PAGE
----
By Peter Birkholz, AIA, LEED AP, Page & Turnbull
Building owners don’t love pop-up tenants—the temporary retail installations that occupy storefronts and other spaces before long-term leases are signed—but increasingly they really like them a lot. Think about their quandary: Should retail spaces sit empty for months on end, a sign that the property is somehow less than desirable, or maybe overpriced? Or, why not invite a big charity or a hip chef or artist, or perhaps even a fashion label to take over for a short while, drawing attention and activating the sidewalk out front?
Learn more about pop-up architecture and the process behind it in our interview with Peter Birkholz.
As more owners choose the latter path, architects are tasked with designing cost-conscious and code-compliant temporary installations for these unique occupancies. Pop-up operators range from profit-making enterprises looking for local exposure to civic groups and social entrepreneurs aiming to elevate their artistic or political statements. They include short-term retailers and restaurants and temporary art galleries and attractions, such as our Museum of Ice Cream, located inside a historic 1910 bank building at One Grant Avenue in San Francisco. Others are simply interesting spaces—some teetering on the edge of habitability—where owners host transient users and special events.
Challenges and liabilities
Pop-up spaces, sometimes called “flash retail” shops, come with unique challenges and liabilities. First, while owners and pop-up tenants may hope otherwise, the spaces must meet all prevailing codes and local ordinances, including land-use and zoning laws, licensing rules, health-department codes, accessibility and egress requirements, and fire-department occupancy limits. In certain cases, a rule may be relaxed. For example, we have worked with pop-up-space owners to modify the scope and re-use existing signage, thereby eliminating requirements for a lengthy preservation review otherwise mandated for exterior modifications.
Still, entitlements and permitting are central to making pop-up architecture work. In many jurisdictions, obtaining a normal or temporary certificate of occupancy is onerous and time-consuming, rendering quick pop-up tenancy infeasible. In cities such as Austin, TX, and Norfolk, VA, however, local officials interested in the benefits of pop-ups for urban revitalization and drawing permanent businesses have added new ordinances to expedite permitting of qualifying pop-ups.
Since accessibility is the law of the land, any pop-up location for public use must meet Americans with Disabilities Act (ADA) guidelines and related jurisdictional codes. That means proper wheelchair clearances are required throughout the space and at toilet facilities. Yet it rarely makes economic sense to rebuild existing facilities for a short-term use.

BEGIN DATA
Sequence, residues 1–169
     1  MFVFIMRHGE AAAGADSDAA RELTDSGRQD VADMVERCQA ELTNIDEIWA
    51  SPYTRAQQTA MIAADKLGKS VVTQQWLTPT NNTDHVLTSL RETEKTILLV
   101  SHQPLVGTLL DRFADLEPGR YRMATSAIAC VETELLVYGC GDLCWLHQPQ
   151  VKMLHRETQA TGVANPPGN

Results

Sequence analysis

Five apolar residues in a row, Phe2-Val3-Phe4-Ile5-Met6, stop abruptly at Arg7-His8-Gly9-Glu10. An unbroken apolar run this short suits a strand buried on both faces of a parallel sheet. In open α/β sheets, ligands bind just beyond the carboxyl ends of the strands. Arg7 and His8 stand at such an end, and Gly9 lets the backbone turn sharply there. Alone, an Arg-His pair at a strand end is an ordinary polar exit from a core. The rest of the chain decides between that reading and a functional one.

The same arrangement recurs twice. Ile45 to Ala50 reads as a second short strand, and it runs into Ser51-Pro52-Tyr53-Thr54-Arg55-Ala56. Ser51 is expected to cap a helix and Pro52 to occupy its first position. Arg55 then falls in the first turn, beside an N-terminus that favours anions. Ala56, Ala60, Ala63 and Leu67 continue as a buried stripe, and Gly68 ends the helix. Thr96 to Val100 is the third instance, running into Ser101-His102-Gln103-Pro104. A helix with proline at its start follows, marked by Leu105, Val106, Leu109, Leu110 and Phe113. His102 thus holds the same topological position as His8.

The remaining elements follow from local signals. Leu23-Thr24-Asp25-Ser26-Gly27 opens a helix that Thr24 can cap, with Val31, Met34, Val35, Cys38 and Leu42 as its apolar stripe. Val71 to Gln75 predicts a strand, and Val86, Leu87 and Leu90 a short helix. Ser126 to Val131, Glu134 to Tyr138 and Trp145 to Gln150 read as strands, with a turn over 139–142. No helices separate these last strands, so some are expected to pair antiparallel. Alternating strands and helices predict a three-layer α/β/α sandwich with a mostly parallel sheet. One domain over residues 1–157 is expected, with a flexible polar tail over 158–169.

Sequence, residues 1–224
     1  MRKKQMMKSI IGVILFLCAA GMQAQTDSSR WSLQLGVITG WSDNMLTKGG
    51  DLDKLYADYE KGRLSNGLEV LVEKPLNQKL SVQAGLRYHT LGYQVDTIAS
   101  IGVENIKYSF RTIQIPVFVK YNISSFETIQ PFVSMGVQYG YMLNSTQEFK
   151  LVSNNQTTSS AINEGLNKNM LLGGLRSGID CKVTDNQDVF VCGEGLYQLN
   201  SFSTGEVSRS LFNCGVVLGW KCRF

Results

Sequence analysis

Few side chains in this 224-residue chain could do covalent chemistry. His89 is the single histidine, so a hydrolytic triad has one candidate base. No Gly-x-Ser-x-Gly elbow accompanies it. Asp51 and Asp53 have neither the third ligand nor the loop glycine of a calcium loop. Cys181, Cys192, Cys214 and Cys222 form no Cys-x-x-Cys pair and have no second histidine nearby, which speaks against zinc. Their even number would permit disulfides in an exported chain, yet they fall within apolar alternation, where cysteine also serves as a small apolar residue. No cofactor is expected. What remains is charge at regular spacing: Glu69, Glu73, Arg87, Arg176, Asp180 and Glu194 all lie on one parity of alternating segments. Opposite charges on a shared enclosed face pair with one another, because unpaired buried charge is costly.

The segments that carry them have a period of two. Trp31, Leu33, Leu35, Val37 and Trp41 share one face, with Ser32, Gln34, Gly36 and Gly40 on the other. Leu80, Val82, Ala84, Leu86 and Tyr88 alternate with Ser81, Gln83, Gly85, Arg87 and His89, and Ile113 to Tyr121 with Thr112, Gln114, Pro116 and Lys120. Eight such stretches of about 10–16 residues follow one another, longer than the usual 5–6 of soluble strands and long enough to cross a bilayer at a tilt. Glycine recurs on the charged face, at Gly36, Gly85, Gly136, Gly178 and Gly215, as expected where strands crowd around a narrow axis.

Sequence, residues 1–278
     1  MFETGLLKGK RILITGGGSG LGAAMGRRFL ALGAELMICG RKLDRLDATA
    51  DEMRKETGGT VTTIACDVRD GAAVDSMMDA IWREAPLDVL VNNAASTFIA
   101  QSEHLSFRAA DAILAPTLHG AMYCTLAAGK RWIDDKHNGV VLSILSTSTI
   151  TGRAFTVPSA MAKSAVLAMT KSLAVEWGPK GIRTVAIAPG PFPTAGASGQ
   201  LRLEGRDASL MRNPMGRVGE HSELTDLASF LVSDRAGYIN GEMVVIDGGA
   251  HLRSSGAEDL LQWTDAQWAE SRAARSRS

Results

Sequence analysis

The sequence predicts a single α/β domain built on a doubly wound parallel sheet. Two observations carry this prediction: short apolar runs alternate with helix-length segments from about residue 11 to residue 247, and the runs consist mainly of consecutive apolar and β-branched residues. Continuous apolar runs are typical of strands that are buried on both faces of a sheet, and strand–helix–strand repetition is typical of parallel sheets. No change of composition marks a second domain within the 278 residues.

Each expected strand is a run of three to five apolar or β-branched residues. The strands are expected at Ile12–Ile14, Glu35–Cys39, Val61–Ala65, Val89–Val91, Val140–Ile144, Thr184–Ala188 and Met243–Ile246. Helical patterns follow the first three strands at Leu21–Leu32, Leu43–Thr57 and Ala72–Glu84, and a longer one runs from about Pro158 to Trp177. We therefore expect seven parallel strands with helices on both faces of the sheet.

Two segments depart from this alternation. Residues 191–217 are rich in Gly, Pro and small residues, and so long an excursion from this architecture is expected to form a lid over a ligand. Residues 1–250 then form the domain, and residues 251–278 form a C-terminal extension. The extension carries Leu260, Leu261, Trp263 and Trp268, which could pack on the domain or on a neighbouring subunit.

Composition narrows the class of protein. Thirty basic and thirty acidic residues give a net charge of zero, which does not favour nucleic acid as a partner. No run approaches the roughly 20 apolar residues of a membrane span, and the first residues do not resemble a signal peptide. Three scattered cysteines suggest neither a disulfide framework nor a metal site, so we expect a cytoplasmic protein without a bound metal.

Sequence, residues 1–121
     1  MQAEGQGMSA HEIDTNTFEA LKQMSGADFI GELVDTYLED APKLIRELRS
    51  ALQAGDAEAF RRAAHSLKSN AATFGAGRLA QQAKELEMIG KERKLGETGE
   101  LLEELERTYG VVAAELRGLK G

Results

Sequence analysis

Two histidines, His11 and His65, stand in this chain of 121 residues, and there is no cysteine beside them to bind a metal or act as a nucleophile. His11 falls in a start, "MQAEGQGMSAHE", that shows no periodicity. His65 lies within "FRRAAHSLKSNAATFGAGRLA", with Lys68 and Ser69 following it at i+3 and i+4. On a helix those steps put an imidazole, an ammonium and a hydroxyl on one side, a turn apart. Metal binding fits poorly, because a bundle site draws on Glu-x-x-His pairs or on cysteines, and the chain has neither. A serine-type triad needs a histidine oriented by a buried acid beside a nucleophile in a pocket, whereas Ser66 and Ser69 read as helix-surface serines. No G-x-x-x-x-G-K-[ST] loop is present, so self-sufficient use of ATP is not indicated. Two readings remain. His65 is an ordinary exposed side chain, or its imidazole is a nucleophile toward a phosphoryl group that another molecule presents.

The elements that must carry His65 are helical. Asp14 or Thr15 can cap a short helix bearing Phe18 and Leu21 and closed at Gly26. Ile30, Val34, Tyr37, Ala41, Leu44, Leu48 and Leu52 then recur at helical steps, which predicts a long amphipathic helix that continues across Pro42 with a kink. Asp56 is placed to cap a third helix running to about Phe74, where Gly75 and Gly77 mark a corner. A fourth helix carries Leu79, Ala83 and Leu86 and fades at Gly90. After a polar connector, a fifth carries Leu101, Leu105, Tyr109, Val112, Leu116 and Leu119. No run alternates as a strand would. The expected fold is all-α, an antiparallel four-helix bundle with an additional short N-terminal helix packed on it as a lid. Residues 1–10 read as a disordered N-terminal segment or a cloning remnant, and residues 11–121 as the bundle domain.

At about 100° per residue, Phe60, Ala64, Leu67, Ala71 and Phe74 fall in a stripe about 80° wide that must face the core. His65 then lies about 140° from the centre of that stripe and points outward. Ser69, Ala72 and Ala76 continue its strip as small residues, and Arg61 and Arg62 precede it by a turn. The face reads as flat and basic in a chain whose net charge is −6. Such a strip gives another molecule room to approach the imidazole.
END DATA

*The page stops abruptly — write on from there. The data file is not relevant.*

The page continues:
In the ideal pop-up scenario, the existing mechanical, electrical, plumbing and fire- and life-safety systems (MEP-FLS) do not need to be modified. The reality is that pop-ups often need to add rooms and walls. This triggers the need to modify the MEP-FLS, and often requires extensive documentation to meet current building and energy codes.
These requirements may include code-mandated items the pop-up tenant never uses. For the Museum of Ice Cream, for example, local ordinances required the tenant to add three-compartment sinks at ice-cream-scooping counters—a complicated change and long-lead item that would require extensive piping to be routed through a historic space above. The museum ultimately made proper provisions for a nice, albeit temporary, portable sink.
Another consideration is that pop-up spaces are often unfinished and need to provide lighting. The building codes do not acknowledge the concept of temporary construction, so any new lighting must be fully documented to show energy-code compliance.
The Museum of Ice Cream, now bedecked with hot pink banners and awnings, has several other features that are big crowd-pleasers but leave inspectors scratching their heads. There’s a fiberglass unicorn and the themed Cotton Candy Room and Gummy Garden. On the main level, visitors can dive into the Sprinkle Pool. (They aren’t real sprinkles but rather small plastic tubes treated with an antimicrobial agent.) It’s a lavishly conceived pop-up, part Willie Wonka and part Instagram selfie opportunity.
For pop-up renters, complying with the codes may seem wasteful and extravagant, so here’s some key advice: Seek spaces with existing infrastructure (lighting, toilets, mechanical systems) and work with an architect and contractor who fully understand the local approval and permitting requirements. Architects also can refine a design in ways that minimize lengthy approvals. Consider services such as Appear Here (appearhere.nyc) and TheStorefront.com, which present their services as the AirBnB of retail. If you’re a tenant leasing space and hoping to sublease to a pop-up sub-tenant, read your lease carefully. Most won’t allow it.
Peter Birkholz, AIA, LEED AP, is principal with Page & Turnbull, San Francisco, a leading architecture, planning and preservation firm behind award-winning cultural, commercial, educational and civic building projects around the United States.